Hi everyone, I’m Leo Notenboom for Ask Leo!
I read someone calling Windows 8 a disaster the other day and to be completely honest, it just rubs me the wrong way. Windows 8, as an operating system, is not a disaster; it’s a fine, fine operating system. Like I’ve said many times, I use it myself; I use it regularly.
Where Microsoft really, really blundered is with the tiled Start screen and the touch-type user interface. Now the tiled Start screen is not a technical blunder; it’s a fine software. Once you understand how it works, it works great; it really does. You don’t have to use it and I’ll get to that in a minute. The blunder here, and yes, I believe it really is a fairly big blunder on their part, was to make it the default and to remove any choice. The issue is that the Start screen was many people’s first experience with Windows 8.
And we all know how important first impressions are. Well, first impressions were awful. Microsoft really failed to realize just how jarring, and actually inexplicable in many ways, this first impression of Windows 8 would be to people. That’s the mistake they made. It’s not a technical one; it’s one of presentation, of PR, if you will. Windows 8, like I said, is a fine operating system; I do use it everyday and I use it in a way that makes it virtually indistinguishable from Windows 7, which is what everybody seems to want to go back to. Well, you can. I use Classic Shell.
I installed Classic Shell and it throws a [traditional] Start menu on there and it goes directly to the desktop without needing the tiled Start menu. It’s like I never left Windows 7. But people, for whatever reason, they just refuse to accept and understand that. What they do is they focus on the tiled Start screen and they say, “Oh, my gosh, this operating system’s all about touch screens”! I’ve had people even say that it requires a touch screen. It does not. It works just fine on a traditional desktop with a mouse. Like I said, that’s how I’m using it.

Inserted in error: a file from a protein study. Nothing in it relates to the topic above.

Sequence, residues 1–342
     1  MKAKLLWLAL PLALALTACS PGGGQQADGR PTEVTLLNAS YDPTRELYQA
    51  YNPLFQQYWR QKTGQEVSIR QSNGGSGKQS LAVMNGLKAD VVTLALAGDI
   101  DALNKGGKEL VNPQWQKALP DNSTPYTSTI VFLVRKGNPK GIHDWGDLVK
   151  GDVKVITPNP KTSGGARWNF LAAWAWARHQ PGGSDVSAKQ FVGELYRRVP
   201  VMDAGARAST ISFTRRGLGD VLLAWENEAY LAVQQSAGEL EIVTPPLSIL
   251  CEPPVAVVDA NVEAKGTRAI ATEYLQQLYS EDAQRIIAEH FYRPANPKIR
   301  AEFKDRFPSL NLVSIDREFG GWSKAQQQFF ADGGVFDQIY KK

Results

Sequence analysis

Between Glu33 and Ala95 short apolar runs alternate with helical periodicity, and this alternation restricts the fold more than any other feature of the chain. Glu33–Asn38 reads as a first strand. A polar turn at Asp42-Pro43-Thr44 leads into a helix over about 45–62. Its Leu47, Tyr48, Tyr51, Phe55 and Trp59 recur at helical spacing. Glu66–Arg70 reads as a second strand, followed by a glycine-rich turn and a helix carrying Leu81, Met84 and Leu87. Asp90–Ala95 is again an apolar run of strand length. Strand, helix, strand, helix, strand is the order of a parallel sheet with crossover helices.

So, the other complaint that I often hear is that hardware isn’t being supported. Now, that’s almost, but not quite, a red herring. It’s a valid concern, but what most people don’t get is that it’s been a valid concern for every new version of the operating system since the day it was invented. Each new version of Windows has always dropped support for something. They have to. There’s just no way that they can cart along and actually support all of that old hardware that’s ever been developed.
So, yes, absolutely. There are hardware issues; there are things that aren’t going to be supported with Windows 8. And you bet, if that’s a problem you’re facing, that’s a very real problem and you’re going to want to deal with that. Whether that means not upgrading to 8, or getting new hardware or something else, that’s the nature of operating system upgrades. It was true of Windows XP, it was true of Windows Vista, it’s true of Windows 7 and sure enough, it’s true of Windows 8. It’s nothing that makes Windows 8 any worse than a predecessor; it’s just another version of Windows. So, like I said, if you have unsupported hardware, yes, that’s a very real issue – I get that; I’m not trying to say it’s not a problem for you, it is.
All I’m trying to say is that Windows 8 is simply behaving like pretty much every other version of Windows that came before. Hardware support of some sort was dropped. So, yea, ultimately, we shouldn’t have to turn to things like third-party software to get the user interface experience we want; we shouldn’t have to go back and say I want my Start menu and install either things like Classic Shell or many of the other alternatives that are out there right now to make those things come back.
And in fact, incrementally, it appears that Microsoft is begrudgingly returning to the [traditional] Start menu and allowing you to boot directly into the desktop. But ultimately, – I don’t want to say it’s “fluff”- but it’s not something that should get in the way of anybody’s acceptance of Windows 8, only because it’s so easily and so trivially solved with a little bit of third-party software. So, Windows 8, in my opinion: definitely not a disaster. I do look forward to what they’re going to do with 8.2 if that happens, and Windows 9.
There’s a lot of discussion and speculation they’re going to backtrack on a lot of what they’ve done with Windows 8. I understand why they did what they did with Windows 8; I think, like I said, it was the wrong presentation to people; the wrong default experience.
What they’re trying to do is unify all their user interfaces across their phones, their tablets and their PCs. I get that; that makes some amount of sense.
To make it the default though, on a desktop PC is not the right answer. But like I said, easily solved and once you’ve got that solved, you’ve actually got a pretty solid operating system that’s fast and secure and pretty much equivalent to Windows 7.
So, there you have it. I’m Leo Notenboom for askleo.com.